While having permanent stealth helps him survive directed pings, the 1 health is a severe limitation.

4. Every class can deal 1 damage AoE

Moroes is cloaked, and generates 1/1’s, but this is something any class can get rid of.

Warrior: Ravaging Ghoul, Whirlwind, Revenge

Shaman: Lightning Storm, Elemental Destruction

Warlock: Hellfire, Demonwrath, Shadowflame, Dread Infernal

Mage: Flamestrike, Blizzard, Twilight Flamecaller, Arcane Explosion, Arcane Missles + Flamewaker

Hunter: Explosive Trap (this is the weakest class in this removal)

Druid: Swipe, Starfire

Rogue: Fan of Knives, Blade Flurry

Paladin: Consecration

Priest: Excavated Evil, Holy Nova, Circle of Healing + Auchenai

Neutral: Corrupted Seer

Every class pretty much will run at least one of the above cards in their decks. Hunters have the weakest removal out of this lot, but the rest would easily wipe out Moroes. Aggro decks may not run AoE removal, but playing a 3-mana 1/1 and 1/1 token isn’t the best tempo against a deck trying to kill you fast.


This is my case as to why I believe Moroes will not be a playable card in Hearthstone, no matter what cards come out, and what strategies emerge. While there are some possible synergies with Steward of Darkshire, Hobgoblin, and some possible Druid help with tokens, I feel it will be hard to pull off.

I really want the card succeed, and I hope I completely eat these words. But I feel it’s limitations are just too much to overcome.

Kara Out! A Look at 2 RNG Cards

I painstakingly stayed up last night to watch the Hearthstone reveal, which turned out to be what most were expecting, a Karazhan adventure called “One Night in Karazhan.” Only 7 cards out of 45 were revealed for the adventure, but 2 RNG-based cards caught my eye, Firelands Portal and to a much lesser extent, Ivory Knight. Let’s look at the numbers and see how good these cards really are.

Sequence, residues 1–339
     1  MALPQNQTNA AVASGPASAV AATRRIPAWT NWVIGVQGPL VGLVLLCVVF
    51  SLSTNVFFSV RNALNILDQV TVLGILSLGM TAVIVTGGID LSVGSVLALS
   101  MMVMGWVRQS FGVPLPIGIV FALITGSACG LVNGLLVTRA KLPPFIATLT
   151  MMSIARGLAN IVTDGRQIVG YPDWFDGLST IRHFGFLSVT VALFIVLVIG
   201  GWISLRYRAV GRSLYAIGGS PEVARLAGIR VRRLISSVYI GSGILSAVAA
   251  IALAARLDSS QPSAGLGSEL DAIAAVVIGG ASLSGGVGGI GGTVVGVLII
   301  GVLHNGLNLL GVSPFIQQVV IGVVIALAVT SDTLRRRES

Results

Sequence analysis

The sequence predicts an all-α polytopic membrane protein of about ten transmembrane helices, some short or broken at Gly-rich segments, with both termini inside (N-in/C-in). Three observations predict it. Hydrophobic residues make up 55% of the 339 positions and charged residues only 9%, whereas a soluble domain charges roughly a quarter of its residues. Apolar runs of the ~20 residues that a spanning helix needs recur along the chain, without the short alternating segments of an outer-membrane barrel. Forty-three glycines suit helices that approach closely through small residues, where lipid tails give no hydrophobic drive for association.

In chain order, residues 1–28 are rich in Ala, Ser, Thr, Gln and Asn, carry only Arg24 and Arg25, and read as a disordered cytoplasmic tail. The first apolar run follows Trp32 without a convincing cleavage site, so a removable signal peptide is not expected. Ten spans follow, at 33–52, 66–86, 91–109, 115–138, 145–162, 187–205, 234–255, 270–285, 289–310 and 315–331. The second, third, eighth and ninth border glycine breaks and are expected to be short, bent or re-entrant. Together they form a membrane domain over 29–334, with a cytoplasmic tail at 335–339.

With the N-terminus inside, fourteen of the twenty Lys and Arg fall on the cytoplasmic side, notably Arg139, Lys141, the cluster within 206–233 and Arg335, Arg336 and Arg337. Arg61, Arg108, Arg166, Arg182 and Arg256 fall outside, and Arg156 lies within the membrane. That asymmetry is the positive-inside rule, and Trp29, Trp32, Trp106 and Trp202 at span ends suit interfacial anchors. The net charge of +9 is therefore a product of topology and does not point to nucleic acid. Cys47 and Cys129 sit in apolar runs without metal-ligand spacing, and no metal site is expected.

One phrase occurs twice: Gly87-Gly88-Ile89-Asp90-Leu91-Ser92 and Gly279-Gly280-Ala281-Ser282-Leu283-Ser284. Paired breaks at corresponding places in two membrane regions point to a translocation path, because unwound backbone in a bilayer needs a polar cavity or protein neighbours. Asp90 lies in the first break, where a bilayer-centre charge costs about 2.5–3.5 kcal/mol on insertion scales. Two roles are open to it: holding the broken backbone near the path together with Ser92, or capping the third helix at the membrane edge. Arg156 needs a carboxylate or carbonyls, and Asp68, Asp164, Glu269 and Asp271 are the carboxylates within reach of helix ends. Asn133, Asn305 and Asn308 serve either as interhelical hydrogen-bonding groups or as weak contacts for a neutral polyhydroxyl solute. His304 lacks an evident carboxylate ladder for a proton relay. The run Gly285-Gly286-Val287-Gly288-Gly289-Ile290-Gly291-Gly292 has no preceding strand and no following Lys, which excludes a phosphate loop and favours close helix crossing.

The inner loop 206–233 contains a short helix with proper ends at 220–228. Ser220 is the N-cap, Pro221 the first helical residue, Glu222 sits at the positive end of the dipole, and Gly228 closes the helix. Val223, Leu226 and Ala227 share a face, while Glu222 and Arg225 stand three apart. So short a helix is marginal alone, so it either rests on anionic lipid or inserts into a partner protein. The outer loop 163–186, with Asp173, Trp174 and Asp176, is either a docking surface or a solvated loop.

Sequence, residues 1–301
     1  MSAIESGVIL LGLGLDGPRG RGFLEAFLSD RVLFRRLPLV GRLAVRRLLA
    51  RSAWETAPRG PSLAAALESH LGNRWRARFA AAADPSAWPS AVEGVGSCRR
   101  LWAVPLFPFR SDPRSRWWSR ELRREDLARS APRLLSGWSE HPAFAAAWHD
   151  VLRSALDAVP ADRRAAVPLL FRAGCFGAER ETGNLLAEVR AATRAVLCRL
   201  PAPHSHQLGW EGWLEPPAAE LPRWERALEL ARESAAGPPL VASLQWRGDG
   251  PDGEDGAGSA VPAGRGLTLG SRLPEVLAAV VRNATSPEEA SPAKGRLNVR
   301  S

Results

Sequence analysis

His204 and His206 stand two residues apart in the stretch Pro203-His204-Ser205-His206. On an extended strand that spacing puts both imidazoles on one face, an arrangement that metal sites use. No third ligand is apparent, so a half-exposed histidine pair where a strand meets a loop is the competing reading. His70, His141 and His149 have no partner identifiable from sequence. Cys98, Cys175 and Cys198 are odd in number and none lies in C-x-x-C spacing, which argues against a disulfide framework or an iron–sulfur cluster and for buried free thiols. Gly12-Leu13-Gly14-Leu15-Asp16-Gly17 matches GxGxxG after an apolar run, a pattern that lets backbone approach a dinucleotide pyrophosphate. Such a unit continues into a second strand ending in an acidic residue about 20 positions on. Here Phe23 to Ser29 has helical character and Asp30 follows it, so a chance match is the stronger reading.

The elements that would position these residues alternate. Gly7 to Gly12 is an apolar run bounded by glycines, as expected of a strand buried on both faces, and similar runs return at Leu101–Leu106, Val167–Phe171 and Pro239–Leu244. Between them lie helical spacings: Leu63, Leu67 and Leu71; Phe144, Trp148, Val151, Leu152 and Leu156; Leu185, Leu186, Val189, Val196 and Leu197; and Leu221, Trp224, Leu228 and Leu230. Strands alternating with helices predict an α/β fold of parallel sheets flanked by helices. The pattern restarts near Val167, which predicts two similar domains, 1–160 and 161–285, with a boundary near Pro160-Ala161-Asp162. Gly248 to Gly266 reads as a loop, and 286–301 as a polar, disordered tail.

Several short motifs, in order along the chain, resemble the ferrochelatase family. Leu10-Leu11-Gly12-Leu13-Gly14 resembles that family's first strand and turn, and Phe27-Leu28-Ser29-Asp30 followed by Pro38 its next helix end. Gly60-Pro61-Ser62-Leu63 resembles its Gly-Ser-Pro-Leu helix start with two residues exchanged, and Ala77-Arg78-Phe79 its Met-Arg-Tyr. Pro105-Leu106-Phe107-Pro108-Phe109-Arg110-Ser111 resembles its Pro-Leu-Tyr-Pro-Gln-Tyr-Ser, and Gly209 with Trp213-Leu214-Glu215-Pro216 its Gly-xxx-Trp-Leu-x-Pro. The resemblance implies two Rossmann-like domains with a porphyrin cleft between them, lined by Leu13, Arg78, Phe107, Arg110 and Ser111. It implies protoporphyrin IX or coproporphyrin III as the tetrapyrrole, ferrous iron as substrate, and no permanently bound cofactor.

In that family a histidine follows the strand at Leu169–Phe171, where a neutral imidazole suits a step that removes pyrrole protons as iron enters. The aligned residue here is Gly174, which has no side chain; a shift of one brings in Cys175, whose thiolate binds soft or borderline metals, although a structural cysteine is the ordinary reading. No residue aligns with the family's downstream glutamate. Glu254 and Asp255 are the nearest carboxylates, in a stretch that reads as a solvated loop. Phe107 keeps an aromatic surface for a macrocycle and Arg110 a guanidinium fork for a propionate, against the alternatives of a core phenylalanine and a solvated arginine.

Firelands Portal


This is an eSports portal with more predictable results, limiting to 5-drops. A cursory view of this card is saying you’re paying 2 mana for 5 damage, and getting fair value for the 5-cost minion. But this is wrong!

Attack 4.19
Defense 4.69
Attack 4.13
Defense 4.68

The table shows the average attack and defense of the current 5-drops in the game. Very similar numbers of a minion having a near-vanilla 5-drop stat points, like Chillwind Yeti. Whatever 5-drops coming from the new adventure would likely be a drop in the bucket to affect these averages too much.

Battlecry 33%
Taunt 9%
Inspire 9%
Charge 4%

This table is more telling. 1/3 of your outcomes will be battlecry minions, meaning you are not getting battlecry from the summon, and you will be left with an under-stated minion. This is the main downfall of Firelands Portal. Getting a Faceless Manipulator (3/3), or Ram Wrangler (3/3), or BGH (4/2), with no battlecry. On the flipside, you could get Earth Elemental (7/8, taunt). Otherwise, taunts and inspires come up a good amount. Important to note that Firelands Portal costs 7, meaning you can inspire the same turn after Turn 9. Your rare chargers have a good chance to be big time reach with Leeroy Jenkins and Doomguard.